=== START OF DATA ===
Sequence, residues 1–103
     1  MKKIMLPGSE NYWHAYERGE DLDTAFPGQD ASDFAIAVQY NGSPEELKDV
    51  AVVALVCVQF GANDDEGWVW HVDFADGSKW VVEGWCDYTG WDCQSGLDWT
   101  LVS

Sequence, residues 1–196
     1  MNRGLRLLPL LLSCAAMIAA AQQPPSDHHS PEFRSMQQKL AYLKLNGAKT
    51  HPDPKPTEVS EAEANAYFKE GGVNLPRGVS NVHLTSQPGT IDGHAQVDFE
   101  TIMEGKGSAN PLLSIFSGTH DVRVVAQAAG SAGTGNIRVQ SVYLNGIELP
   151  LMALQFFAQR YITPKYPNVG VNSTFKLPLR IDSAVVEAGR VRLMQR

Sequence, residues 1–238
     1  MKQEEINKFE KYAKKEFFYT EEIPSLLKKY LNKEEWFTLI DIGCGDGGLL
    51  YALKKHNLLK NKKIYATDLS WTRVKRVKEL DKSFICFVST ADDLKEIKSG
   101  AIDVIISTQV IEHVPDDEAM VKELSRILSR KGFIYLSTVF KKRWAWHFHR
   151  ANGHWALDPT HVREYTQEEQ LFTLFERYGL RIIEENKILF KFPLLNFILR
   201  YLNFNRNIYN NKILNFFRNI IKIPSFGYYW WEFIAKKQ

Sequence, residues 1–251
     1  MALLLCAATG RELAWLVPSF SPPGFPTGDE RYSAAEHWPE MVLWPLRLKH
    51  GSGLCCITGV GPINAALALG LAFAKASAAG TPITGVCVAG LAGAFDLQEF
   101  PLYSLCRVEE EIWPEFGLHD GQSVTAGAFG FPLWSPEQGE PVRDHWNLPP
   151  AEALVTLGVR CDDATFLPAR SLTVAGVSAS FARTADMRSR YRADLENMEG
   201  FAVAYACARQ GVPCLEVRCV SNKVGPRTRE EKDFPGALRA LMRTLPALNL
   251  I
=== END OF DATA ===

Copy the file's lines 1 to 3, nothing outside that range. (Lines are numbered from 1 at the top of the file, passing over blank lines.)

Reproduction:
Sequence, residues 1–103
     1  MKKIMLPGSE NYWHAYERGE DLDTAFPGQD ASDFAIAVQY NGSPEELKDV
    51  AVVALVCVQF GANDDEGWVW HVDFADGSKW VVEGWCDYTG WDCQSGLDWT